Revanta: 11 definitions

Introduction

Introduction:

Revanta means something in Hinduism, Sanskrit, Jainism, Prakrit. If you want to know the exact meaning, history, etymology or English translation of this term then check out the descriptions on this page. Add your comment or reference to a book if you want to contribute to this summary article.

In Hinduism

Purana and Itihasa (epic history)

Source: archive.org: Puranic Encyclopedia

Revanta (रेवन्त).—A son of the sun. Birth. The sun married the daughter of Viśvakarmā named Saṃjñā. She gave birth to three children named Manu, Yama and Yamī. Once, being unable to bear the radiance of her husband, Saṃjñā went to the forest to do penance. During this period Chāyā the maid of Saṃjñā attended on the sun. Three children, Śanaiścara, Manu and Tapatī were born to the Sun of Chāyā. Once Chāyā cursed Yama. Then only did the Sun remember about Saṃjñā. At that time Saṃjñā had been doing penance in the forest in the form of a mare. The Sun took the form of a horse and lived with her in the forest. From this union Aśvinīkumāras and also the last son Revanta were born. (Viṣṇu Purāṇa, Aṃśa 3, Chapter 2). Lakṣmī astounded at the sight of Revanta. For the story of how Lakṣmī was astounded at the sight of Revanta’s handsome figure and how Mahāviṣṇu cursed Lakṣmī consequently, see under Ekavīra. (See full article at Story of Revanta from the Puranic encyclopaedia by Vettam Mani)

Source: Cologne Digital Sanskrit Dictionaries: The Purana Index

Revanta (रेवन्त).—Born of Samjña as a mare of the Sun god.*

  • * Viṣṇu-purāṇa III. 2. 7.
Source: Shodhganga: The saurapurana - a critical study

Revanta (रेवन्त) is the son of Rājñī and Bhāskara (sun-god): the son of Aditi and Kaśyapa according to the Vaṃśānucarita section of the 10th century Saurapurāṇa: one of the various Upapurāṇas depicting Śaivism.—Accordingly, the Saurapurāṇa 30.27-73 and chapter 31 descibes the vaṃśānucarita in an abridged form. It is stated that Aditi got from Kaśyapa, Bhāskara, the Sun-god. The Sun-god had four wives—Saṃjñā, Rājñī, Prabhā and Chāyā. Saṃjñā gave birth to Manu from the Sun-god in whose race were born the kings. Rājñī gave birth to Yama, Yamunā and Revanta.

Purana book cover
context information

The Purana (पुराण, purāṇas) refers to Sanskrit literature preserving ancient India’s vast cultural history, including historical legends, religious ceremonies, various arts and sciences. The eighteen mahapuranas total over 400,000 shlokas (metrical couplets) and date to at least several centuries BCE.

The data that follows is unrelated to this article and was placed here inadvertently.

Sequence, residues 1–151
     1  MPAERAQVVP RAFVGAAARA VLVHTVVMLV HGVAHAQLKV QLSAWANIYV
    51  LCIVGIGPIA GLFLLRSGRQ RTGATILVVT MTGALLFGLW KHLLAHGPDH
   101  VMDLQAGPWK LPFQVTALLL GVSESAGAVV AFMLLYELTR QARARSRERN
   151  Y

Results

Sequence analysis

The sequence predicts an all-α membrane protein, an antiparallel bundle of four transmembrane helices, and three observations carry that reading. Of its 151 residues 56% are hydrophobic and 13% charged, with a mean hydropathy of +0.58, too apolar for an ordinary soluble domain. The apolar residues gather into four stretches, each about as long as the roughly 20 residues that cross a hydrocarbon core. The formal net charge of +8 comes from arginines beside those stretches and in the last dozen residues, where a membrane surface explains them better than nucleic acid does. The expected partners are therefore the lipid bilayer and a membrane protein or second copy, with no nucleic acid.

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In Jainism

General definition (in Jainism)

Source: archive.org: Trisastisalakapurusacaritra

Revanta (रेवन्त) was the son of Mārtaṇḍa when he and his wife had the form of horses. He was born, “holding a sword and bow, clad in armour, riding on horseback, and carrying arrows and a quiver”.—(cf. Mārkaṇḍeya Purāṇa, 108.7-12, Pargiter’s translation).

General definition book cover
context information

Jainism is an Indian religion of Dharma whose doctrine revolves around harmlessness (ahimsa) towards every living being. The two major branches (Digambara and Svetambara) of Jainism stimulate self-control (or, shramana, ‘self-reliance’) and spiritual development through a path of peace for the soul to progess to the ultimate goal.

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Languages of India and abroad

Sanskrit dictionary

Source: DDSA: The practical Sanskrit-English dictionary

Revanta (रेवन्त).—[riveḥ jñac Uṇ.3.126] The son of the sun and chief of the गुह्यक (guhyaka)s.

Derivable forms: revantaḥ (रेवन्तः).

Source: Cologne Digital Sanskrit Dictionaries: Shabda-Sagara Sanskrit-English Dictionary

Revanta (रेवन्त).—m.

(-ntaḥ) The fifth Manu of the present Kalpa; also called Raivata. E. reva, jhac aff.

Source: Cologne Digital Sanskrit Dictionaries: Benfey Sanskrit-English Dictionary

Revanta (रेवन्त).—[revant + a], m. The fifth Manu of the present Kalpa or period.

Source: Cologne Digital Sanskrit Dictionaries: Monier-Williams Sanskrit-English Dictionary

1) Revanta (रेवन्त):—[from rai] m. Name of a son of Sūrya and chief of the Guhyakas, [Varāha-mihira’s Bṛhat-saṃhitā; Purāṇa]

2) [v.s. ...] the 5th Manu of the present Kalpa (cf. next and raivata).

context information

Sanskrit, also spelled संस्कृतम् (saṃskṛtam), is an ancient language of India commonly seen as the grandmother of the Indo-European language family (even English!). Closely allied with Prakrit and Pali, Sanskrit is more exhaustive in both grammar and terms and has the most extensive collection of literature in the world, greatly surpassing its sister-languages Greek and Latin.

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